I am sitting at the bottom of a canyon in Texas and it is cold. For the first time, the van really couldn’t keep up with the chill during the night. That was mostly my fault — there are a bunch of heat conservation tips to living in a van that boil down “cover windows” and “block off unused areas.” Basically, the van stays warmer when I curtain off the cab, close the bathroom doors, and put the shades down and the window covers up. Not complicated. I didn’t do it, though, because hello, canyon. Beautiful isolated rocky cliffs, incredible dark starry night, and the only light that which came from all the myriad ridiculous little lights that shine in the van all night long. Well, and off in the distance, lights to the bathroom.
From the van, I can see one lone tent camper, and I would feel sorry for them, except my friend P goes camping in snow, and at least there’s no snow here. I’m assuming those campers were prepared for the weather.
Speaking of weather, that’s why I’m in a canyon in Texas. (Did you know there were canyons in Texas? Total surprise to me. Not as implausible as discovering, say, a waterfall in Texas, but surprising nonetheless.) I was headed toward New Mexico and making great time, when I checked in with Kyla, who I’m hoping to visit. She mentioned the dreaded word, “snow.”
I am not doing snow. When I first moved into Serenity, I thought it might be fun to experience snow again, but it’s not. I don’t like snow. In fact, if you’ve read all my books, you probably know that because I’ve mentioned it more than once. My characters seldom like snow either! So I’m not going to places where the snow is or is likely to be, and for a couple days that included Kyla’s part of New Mexico. I could have gone on to Albuquerque and met up with her there, but it was raining in Albuquerque and I am not in such a hurry that I need to drive in the rain.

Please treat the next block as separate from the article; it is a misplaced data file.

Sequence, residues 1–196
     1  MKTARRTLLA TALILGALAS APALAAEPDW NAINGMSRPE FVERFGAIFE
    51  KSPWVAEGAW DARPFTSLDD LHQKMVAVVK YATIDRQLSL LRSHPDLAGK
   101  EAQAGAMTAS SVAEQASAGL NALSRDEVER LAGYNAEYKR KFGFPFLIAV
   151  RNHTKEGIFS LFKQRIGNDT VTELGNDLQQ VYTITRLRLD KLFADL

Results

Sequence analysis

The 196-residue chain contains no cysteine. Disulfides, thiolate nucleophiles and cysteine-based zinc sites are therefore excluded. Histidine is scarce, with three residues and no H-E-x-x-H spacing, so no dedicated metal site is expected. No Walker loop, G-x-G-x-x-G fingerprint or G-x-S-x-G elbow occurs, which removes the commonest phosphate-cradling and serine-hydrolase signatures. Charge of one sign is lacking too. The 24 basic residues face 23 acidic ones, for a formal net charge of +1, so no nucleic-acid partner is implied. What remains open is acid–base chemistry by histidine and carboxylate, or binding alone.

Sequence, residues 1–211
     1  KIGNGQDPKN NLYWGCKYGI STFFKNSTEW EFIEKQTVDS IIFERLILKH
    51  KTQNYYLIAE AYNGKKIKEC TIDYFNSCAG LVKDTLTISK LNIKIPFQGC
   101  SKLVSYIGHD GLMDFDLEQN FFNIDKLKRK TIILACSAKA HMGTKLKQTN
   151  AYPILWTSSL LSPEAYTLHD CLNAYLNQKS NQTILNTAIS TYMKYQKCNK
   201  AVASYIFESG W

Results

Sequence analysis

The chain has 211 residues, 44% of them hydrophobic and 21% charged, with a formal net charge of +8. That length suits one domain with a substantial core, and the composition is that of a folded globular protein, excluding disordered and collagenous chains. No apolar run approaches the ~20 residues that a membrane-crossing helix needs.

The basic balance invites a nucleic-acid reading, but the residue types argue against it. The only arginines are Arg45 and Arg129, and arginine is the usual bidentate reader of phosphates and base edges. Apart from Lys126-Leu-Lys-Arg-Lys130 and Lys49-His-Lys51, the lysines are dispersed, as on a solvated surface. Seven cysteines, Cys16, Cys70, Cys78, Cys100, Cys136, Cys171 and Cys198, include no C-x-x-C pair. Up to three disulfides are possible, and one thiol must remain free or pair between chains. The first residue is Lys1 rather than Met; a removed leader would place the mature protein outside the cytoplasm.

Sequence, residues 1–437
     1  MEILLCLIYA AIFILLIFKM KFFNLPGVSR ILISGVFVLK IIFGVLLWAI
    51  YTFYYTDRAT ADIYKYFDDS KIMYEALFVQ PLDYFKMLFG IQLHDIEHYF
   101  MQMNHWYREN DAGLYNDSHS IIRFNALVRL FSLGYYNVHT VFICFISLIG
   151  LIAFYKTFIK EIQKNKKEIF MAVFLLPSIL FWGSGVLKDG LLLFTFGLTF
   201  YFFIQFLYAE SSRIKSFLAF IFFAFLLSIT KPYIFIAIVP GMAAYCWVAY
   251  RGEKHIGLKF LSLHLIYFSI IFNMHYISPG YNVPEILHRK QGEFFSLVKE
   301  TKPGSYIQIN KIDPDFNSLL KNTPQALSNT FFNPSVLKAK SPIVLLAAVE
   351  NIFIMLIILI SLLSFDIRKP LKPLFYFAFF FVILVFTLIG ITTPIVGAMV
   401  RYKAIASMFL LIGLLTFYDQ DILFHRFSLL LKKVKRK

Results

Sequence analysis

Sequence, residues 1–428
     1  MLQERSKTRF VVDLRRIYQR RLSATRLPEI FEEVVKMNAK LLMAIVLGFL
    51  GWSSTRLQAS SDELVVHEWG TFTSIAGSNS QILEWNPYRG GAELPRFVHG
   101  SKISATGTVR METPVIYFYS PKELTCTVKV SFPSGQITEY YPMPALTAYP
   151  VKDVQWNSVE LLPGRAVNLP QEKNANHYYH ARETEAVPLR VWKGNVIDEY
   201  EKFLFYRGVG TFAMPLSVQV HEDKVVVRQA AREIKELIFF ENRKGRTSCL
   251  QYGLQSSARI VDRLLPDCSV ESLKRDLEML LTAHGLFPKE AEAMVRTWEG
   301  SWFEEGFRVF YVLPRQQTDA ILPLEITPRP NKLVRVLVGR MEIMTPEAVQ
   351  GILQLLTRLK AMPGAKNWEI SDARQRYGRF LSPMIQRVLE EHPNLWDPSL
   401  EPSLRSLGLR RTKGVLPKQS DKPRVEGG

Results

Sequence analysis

So I took a snow day and paused in Palo Duro Canyon, south of Amarillo, for a couple of nights. (The actual town name is Canyon, Texas, which I like, because it’s so very descriptive. Yep, that’s where we are. In a canyon.) On the first night, I was in the Hackberry Campground. I think the ranger gave me the site because it was reasonably close to the entrance of the park, within very easy walking distance to the bathrooms. Efficient, in other words. And it was certainly nice, with lots of short trees, which in the summer, when its hot, would probably be lovely, and a fun winding path up to the outside theater.
But on my snow day, I went exploring. I drove miles into the canyon, down to the river (lots of flash flood warning signs at the bridges), and took a look at a the campground at the very end of the road. And then I went all the way back up to the front and asked if I could switch sites. Then I came back to my new site and took a hundred photographs, none of which turned out particularly interesting. I think the light was too bright, actually — everything from the camera looks flat and bland. But here’s the view from the van window, taken with the iPhone.
And here’s my favorite photo from the last few days, also taken with the iPhone. It was at a rest stop on the highway, headed west.
Today’s plan: New Mexico.